If the starting price of the expected Google Nexus 7 is $US199, Google could be spending $US130 to $US210 for materials and manufacturing costs for each device, according to a preliminary estimate from IHS iSuppli.
Anything above the $US199 price for materials and manufacturing costs would result in a loss for Google. Many analysts say Google might be willing to take a loss to gain market share against other low-cost tablets such as the 7-in. Kindle Fire, which sells for $US199.
The Nexus 7 hasn't even been announced, although Google may do so at the start of its Google I/O conference Wednesday. IHS has not seen the Nexus 7 device, but derived its estimate by comparing reported components of the Nexus 7 with two other tablets on the market that it has examined in detail, at the request of Computerworld.
IHS analyst Andrew Rassweiler said the Samsung Galaxy Tab 7.7, which IHS has examined and which has a price tag of $499.99 with Verizon Wireless, cost nearly $300 in materials and manufacturing. By contrast, the low-price 7-in. tablet called the Aino Novo 7 Paladin (selling on Amazon for $114.99) cost about $100 for materials and manufacturing, he said.
Given the price tags for those two tablets, Rassweiler said, "I could see a potential Nexus 7, 7-in. tablet bill of materials [including manufacturing costs] being anywhere from $US130 to $US210." He said a closer look with more components detailed, or an actual teardown of the device, would narrow the cost range.
Rassweiler noted that the Galaxy Tab 7.7 has an LTE module, and if the Nexus 7 does not, that would reduce its cost by at least $US40. Also, the Galaxy Tab has a Super Amoled screen, which costs $US120 alone. By contrast, the Nexus 7 is expected to have a different, less-expensive display technology. Rassweiler set an estimated $US70 to $US80 cost for its display.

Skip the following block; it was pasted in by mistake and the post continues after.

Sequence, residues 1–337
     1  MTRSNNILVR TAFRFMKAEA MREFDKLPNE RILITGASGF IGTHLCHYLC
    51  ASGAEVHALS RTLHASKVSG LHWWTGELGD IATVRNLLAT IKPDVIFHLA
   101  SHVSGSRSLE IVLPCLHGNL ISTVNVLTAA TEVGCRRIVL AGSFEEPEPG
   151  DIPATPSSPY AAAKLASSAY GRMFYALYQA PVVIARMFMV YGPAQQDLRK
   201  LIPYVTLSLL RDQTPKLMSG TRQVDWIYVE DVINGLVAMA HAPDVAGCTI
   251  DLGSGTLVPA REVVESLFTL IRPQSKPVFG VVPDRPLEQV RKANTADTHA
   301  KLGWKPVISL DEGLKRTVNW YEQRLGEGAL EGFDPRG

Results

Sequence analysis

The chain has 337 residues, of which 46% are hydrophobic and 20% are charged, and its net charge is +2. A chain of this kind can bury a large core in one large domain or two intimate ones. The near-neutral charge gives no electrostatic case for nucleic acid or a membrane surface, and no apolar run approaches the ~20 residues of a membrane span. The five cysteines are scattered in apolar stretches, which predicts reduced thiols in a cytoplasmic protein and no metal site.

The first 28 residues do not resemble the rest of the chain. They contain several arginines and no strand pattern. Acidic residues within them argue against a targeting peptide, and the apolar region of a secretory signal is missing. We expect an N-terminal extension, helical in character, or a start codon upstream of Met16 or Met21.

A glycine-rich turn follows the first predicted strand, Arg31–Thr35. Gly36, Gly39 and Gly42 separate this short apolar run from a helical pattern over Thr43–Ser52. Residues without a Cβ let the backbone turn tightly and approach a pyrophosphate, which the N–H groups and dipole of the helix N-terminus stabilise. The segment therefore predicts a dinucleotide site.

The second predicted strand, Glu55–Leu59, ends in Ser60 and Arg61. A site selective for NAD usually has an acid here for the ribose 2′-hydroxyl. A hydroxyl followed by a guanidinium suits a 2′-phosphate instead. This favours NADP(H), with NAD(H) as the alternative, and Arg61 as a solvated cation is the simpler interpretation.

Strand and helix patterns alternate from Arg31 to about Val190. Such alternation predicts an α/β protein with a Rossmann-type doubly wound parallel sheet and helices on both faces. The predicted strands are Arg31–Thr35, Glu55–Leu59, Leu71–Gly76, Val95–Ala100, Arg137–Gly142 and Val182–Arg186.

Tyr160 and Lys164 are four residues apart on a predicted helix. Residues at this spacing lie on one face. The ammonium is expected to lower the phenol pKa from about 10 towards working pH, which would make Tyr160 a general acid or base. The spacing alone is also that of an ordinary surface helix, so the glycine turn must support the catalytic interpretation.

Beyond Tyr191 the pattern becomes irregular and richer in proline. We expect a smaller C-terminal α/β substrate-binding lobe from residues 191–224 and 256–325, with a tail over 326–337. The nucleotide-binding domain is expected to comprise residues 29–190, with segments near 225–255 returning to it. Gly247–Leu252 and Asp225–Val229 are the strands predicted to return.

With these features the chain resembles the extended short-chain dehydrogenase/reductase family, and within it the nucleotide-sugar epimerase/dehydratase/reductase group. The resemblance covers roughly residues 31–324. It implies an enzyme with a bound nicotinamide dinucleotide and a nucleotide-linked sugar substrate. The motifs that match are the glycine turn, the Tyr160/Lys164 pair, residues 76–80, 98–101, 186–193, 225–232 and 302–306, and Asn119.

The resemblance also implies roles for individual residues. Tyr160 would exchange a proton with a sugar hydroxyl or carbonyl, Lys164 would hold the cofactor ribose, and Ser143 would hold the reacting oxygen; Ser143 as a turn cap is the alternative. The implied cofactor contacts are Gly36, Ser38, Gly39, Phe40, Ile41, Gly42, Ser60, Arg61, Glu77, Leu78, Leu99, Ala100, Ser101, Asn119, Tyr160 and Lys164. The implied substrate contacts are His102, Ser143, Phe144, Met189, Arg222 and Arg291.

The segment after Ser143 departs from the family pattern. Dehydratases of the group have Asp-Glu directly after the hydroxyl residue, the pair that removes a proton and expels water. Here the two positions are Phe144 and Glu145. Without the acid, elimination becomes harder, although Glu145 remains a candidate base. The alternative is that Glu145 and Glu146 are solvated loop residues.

The Nexus 7's 8GB of NAND flash storage would cost around $10, compared with $18 for the Tab's 16GB, Rassweiler said. (The Nexus 7 is reportedly also coming in a 16GB version for $US249.)
In general, a tablet's three biggest costs are the screen, the memory and the processor. Together, those three component might make up 60% to 70% of a tablet's costs, said Jack Gold, an analyst at J. Gold Associates. A tablet's processor could cost $US25 to $US50, he said.
The Nexus 7 is also expected to have 1GB of RAM, but Gold said "that's not enough" for good performance, even with a high-end Nvidia Tegra 3 processor.
Nvidia has said its Kai reference design reduces the need for lots of memory to provide adequate performance, and some observers have said the Nexus 7 will have the Kai design.
Gold said there are plenty of examples of low-priced tablets on the market, but questioned whether Google can really achieve great sales with a low-cost, low-priced tablet.
Matt Hamblen covers mobile and wireless, smartphones and other handhelds, and wireless networking for Computerworld. Follow Matt on Twitter at @matthamblen or subscribe to Matt's RSS feed. His email address is email@example.com.
Read more about mobile and wireless in Computerworld's Mobile and Wireless Topic Center.
Join the CIO Australia group on LinkedIn. The group is open to CIOs, IT Directors, COOs, CTOs and senior IT managers.